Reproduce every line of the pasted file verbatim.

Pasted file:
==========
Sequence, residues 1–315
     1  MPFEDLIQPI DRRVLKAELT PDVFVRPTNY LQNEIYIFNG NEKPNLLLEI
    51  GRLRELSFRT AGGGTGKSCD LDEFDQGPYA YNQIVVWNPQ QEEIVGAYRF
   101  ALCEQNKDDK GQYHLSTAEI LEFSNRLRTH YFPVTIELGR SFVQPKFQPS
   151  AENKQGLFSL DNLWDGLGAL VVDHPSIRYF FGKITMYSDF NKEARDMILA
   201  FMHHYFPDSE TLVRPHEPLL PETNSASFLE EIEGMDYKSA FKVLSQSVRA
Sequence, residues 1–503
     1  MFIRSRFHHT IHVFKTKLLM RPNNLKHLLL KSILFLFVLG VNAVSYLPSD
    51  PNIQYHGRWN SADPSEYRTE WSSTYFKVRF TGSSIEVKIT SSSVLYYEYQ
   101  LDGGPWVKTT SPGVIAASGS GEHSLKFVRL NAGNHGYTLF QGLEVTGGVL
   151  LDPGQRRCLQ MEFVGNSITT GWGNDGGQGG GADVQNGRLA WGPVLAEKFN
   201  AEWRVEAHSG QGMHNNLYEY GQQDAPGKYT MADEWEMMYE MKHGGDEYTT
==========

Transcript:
Sequence, residues 1–315
     1  MPFEDLIQPI DRRVLKAELT PDVFVRPTNY LQNEIYIFNG NEKPNLLLEI
    51  GRLRELSFRT AGGGTGKSCD LDEFDQGPYA YNQIVVWNPQ QEEIVGAYRF
   101  ALCEQNKDDK GQYHLSTAEI LEFSNRLRTH YFPVTIELGR SFVQPKFQPS
   151  AENKQGLFSL DNLWDGLGAL VVDHPSIRYF FGKITMYSDF NKEARDMILA
   201  FMHHYFPDSE TLVRPHEPLL PETNSASFLE EIEGMDYKSA FKVLSQSVRA
Sequence, residues 1–503
     1  MFIRSRFHHT IHVFKTKLLM RPNNLKHLLL KSILFLFVLG VNAVSYLPSD
    51  PNIQYHGRWN SADPSEYRTE WSSTYFKVRF TGSSIEVKIT SSSVLYYEYQ
   101  LDGGPWVKTT SPGVIAASGS GEHSLKFVRL NAGNHGYTLF QGLEVTGGVL
   151  LDPGQRRCLQ MEFVGNSITT GWGNDGGQGG GADVQNGRLA WGPVLAEKFN
   201  AEWRVEAHSG QGMHNNLYEY GQQDAPGKYT MADEWEMMYE MKHGGDEYTT